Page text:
The holiday season has traditionally been the largest revenue generator of the year for major brands and retailers, but 2020 has marketers taking their typical playbooks and throwing them out the window.
In large due to the coronavirus pandemic, consumer behaviors have shifted across the board. Not only are people using social media differently, but purchase behaviors have changed. What was intended to be a short lockdown has now spanned over the course of 6+ months. We saw a preview of this with early indications that back-to-school shopping has not been as successful for retailers as it has been in year’s past.
That said, the holiday season is around the corner. Whether you’re just starting to develop your plan or adapting your existing strategy, the following outlines numerous social media tactics your brand can utilize to enhance your 2020 holiday marketing strategy.
Plan content & paid media around key dates and for high impact channelsPast holiday messages won’t resonate the same this yearVideo & Live video are getting priority in feedsIf considering influencers, secure them nowThings are still changing daily, so build flexibility into your plan
Holiday 2020: A New Landscape
Before we dive into our tactics, let’s take a step back and understand the holiday 2020 landscape. Last year holiday shopping shifted vastly to favor e-commerce, and Cyber Monday alone was the heaviest online spending day in history. It jumped about 20% from the prior-year bringing in $9.4 billion in revenue, according to Adobe.
This shift was propelled by younger generations, Gen Z and Millennials, spending more time shopping, getting more buying power as they get older, and leading the growth of e-commerce. But we’re also seeing Boomers and older generations becoming more comfortable with online shopping. And honestly, a lot of that had to do with the recent pandemic. When consumers needed to buy products, brick-and-mortar stores were shutting down, somewhat forcing people to rely on e-commerce. As a result, 33% of consumers during this time increased their online spending. Of that 33%, about 23% fall into that older generation category. Also, to put the last couple of months into perspective, e-commerce grew more during the pandemic in an eight-week time-period than it did the entire decade before.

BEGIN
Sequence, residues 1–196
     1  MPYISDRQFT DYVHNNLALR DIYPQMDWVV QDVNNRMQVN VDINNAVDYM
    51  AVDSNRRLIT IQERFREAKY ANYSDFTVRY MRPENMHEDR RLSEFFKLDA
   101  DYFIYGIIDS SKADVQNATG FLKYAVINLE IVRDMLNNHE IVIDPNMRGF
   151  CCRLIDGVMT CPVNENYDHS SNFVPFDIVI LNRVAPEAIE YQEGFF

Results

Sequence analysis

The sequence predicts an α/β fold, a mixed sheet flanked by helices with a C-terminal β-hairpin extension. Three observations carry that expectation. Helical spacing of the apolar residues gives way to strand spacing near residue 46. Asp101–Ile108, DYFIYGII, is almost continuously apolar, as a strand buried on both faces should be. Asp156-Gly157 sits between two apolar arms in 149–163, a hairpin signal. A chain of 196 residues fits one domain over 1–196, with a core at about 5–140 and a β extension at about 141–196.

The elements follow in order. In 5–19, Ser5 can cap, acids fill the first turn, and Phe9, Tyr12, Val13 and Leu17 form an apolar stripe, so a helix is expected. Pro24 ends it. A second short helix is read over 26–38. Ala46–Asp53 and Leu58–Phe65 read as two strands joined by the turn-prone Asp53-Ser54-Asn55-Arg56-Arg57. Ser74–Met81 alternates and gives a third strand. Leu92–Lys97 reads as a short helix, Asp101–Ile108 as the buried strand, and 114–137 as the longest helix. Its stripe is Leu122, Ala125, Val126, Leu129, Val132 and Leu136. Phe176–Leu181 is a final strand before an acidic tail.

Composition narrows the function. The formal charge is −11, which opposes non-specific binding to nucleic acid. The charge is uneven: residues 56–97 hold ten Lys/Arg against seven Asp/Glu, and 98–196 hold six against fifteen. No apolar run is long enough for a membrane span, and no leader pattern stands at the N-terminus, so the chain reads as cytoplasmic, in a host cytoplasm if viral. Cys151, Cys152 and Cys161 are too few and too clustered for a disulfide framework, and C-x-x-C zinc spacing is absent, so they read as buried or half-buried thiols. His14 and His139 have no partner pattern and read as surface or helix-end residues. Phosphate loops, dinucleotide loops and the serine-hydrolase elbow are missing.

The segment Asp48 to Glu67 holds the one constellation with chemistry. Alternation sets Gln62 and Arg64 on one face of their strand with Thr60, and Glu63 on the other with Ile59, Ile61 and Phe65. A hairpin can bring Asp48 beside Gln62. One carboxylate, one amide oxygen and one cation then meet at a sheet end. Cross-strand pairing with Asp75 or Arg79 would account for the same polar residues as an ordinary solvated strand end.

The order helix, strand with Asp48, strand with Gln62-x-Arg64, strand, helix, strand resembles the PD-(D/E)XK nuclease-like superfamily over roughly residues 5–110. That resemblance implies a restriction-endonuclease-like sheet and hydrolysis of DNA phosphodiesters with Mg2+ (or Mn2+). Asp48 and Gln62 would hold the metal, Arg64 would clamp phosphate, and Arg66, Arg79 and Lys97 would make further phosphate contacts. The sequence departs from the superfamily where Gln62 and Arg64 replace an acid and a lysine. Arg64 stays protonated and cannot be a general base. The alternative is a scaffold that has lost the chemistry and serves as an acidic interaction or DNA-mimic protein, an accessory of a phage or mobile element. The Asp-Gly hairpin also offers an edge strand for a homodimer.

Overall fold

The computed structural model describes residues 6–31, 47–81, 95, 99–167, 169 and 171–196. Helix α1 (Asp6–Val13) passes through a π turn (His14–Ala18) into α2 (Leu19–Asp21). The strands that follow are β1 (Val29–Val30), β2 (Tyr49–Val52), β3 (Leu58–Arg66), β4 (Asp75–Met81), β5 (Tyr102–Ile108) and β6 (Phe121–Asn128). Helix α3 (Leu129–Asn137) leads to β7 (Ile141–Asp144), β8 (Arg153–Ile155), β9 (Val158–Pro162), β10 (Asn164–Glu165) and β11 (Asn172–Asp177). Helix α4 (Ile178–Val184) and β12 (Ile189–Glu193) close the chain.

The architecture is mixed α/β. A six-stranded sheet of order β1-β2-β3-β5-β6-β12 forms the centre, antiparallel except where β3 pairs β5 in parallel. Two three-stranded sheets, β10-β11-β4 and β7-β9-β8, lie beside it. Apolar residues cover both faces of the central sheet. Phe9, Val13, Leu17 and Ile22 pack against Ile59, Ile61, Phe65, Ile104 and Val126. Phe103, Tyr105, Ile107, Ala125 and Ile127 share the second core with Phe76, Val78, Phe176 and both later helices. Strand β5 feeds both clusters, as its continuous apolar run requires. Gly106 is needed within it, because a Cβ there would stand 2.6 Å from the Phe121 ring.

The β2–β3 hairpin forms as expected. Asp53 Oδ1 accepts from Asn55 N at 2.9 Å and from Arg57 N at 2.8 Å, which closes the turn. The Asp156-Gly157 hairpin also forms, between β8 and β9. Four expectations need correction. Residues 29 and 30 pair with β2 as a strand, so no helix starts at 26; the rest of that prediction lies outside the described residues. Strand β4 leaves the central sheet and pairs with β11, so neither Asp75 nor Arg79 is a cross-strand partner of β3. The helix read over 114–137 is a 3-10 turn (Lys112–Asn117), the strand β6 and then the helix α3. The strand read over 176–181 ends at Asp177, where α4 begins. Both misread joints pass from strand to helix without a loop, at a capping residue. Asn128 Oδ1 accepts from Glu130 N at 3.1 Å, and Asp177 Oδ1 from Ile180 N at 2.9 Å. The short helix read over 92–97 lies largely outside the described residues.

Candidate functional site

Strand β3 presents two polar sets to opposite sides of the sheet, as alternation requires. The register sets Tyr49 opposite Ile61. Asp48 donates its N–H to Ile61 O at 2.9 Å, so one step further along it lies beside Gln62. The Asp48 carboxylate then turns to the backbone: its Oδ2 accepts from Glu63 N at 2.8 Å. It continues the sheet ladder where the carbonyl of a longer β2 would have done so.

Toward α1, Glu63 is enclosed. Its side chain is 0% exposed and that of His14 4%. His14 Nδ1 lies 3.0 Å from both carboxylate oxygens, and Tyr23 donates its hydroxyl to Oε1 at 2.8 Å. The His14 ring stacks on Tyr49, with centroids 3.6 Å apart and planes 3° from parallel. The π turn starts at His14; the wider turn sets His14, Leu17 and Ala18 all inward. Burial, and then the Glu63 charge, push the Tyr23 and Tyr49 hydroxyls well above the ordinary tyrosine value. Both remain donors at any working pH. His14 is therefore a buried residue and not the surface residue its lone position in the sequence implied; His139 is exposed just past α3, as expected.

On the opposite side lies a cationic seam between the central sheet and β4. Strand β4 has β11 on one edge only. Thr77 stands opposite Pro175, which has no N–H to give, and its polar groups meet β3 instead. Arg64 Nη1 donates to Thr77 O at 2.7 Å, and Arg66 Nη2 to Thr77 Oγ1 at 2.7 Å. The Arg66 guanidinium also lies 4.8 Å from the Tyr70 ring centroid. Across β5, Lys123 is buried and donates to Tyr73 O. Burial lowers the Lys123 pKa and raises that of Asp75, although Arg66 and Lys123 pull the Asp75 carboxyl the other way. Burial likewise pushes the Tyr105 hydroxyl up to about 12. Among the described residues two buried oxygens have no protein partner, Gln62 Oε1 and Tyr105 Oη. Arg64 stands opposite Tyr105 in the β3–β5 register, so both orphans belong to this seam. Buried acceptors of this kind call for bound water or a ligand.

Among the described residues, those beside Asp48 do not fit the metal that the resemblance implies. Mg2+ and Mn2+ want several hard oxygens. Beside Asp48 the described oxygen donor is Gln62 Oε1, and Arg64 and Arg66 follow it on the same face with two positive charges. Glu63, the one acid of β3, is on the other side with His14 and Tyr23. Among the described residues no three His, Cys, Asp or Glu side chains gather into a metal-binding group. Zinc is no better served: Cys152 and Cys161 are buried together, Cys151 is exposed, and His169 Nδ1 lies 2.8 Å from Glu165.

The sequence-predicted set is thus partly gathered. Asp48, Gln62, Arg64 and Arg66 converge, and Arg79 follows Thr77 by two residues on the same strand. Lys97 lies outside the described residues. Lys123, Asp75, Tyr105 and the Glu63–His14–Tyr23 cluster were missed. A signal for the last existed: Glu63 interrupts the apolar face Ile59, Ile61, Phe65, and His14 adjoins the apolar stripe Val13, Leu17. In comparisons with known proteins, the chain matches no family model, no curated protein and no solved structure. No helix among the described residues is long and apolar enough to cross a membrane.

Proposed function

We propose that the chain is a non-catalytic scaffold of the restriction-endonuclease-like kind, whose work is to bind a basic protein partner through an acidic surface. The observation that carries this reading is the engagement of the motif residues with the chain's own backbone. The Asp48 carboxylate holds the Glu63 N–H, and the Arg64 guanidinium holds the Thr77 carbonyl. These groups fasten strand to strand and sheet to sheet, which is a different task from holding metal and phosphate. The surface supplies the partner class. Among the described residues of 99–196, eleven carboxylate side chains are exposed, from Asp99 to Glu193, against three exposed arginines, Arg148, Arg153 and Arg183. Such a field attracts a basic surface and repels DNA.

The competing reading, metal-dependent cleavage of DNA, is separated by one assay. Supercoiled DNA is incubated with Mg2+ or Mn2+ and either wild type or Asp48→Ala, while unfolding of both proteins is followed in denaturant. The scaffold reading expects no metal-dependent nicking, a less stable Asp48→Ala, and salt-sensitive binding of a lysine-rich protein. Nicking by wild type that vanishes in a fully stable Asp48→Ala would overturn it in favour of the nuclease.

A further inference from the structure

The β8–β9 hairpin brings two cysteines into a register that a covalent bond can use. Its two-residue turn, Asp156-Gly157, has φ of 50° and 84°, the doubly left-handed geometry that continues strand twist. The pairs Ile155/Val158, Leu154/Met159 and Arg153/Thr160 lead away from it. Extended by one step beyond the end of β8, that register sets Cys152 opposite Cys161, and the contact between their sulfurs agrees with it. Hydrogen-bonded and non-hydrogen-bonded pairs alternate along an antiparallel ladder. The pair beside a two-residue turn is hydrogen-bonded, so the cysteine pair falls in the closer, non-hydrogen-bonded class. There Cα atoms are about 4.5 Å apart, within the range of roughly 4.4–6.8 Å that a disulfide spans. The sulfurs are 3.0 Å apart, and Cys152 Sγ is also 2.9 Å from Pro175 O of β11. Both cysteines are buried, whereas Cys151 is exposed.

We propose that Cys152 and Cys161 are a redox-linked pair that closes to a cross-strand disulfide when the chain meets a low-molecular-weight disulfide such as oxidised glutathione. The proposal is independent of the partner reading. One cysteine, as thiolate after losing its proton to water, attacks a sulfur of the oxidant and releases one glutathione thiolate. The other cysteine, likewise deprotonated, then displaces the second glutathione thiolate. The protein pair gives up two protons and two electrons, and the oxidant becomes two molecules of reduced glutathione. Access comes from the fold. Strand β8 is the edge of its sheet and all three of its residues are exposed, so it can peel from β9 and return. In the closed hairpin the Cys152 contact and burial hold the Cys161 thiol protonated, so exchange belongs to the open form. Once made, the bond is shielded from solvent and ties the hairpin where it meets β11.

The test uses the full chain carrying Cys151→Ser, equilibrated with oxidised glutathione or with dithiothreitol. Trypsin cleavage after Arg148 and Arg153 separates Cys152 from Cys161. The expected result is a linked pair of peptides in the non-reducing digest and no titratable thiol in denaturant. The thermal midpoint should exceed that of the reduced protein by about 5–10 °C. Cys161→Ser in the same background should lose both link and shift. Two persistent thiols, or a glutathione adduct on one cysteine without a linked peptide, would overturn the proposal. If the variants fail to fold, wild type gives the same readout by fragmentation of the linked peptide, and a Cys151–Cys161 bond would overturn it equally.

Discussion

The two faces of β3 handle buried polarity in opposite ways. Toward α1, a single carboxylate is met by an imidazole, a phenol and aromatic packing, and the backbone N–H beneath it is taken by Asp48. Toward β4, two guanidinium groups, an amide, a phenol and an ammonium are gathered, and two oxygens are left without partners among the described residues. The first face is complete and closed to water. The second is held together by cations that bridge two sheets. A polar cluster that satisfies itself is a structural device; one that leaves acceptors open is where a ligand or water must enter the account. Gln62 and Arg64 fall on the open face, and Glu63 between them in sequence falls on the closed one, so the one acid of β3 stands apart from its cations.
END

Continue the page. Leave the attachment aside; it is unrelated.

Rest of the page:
And there’s a couple of reasons for that. As we just mentioned there was a shift from brick-and-mortar to e-commerce experiences, but there was also the increasing rise of digital-only products and services being offered. Mobile shopping also increased, especially with some of these new-to-online shoppers.
Now, there are some concerns with the economy of a slowing holiday 2020 season. We do recognize there are challenges, but, according to eMarketer, some of the initial data forecasts still anticipate a growth in retail spending of about 3.4%. While not as high as years past, there’s still a lot of opportunities to reach consumers during this timeframe who are still looking to make purchases for the season.
Additionally, Pinterest has recently shared some compelling data that shows how holiday 2020 is happening earlier than ever. While we know people on Pinterest are planners, this chart proves that these users are well ahead of the game in terms of planning their purchases and their events. As you can see below, the skinny gray line represents Google Searches while the thick turquoise line represents people searching on Pinterest. It’s clear that Pinterest users are months ahead of those Google searches
While this isn’t abnormal for Pinners, what is worth noting is that in 2020 Pinterest users started searching and saving for the holidays back in April (versus September), which is a 77% jump in searches from April 2020 compared to April 2019. There’s also a 3X increase in searches for gift ideas, holiday gift ideas, Christmas, and Hanukkah gift ideas way back in April. That’s eight months before December. This proves that consumers have already been in the mindset and that numbers are going to continue to increase as we continue to approach the holiday season. Also, if you have stepped foot into retailers like Costco and Sam’s Club, the holiday decorations are in full swing.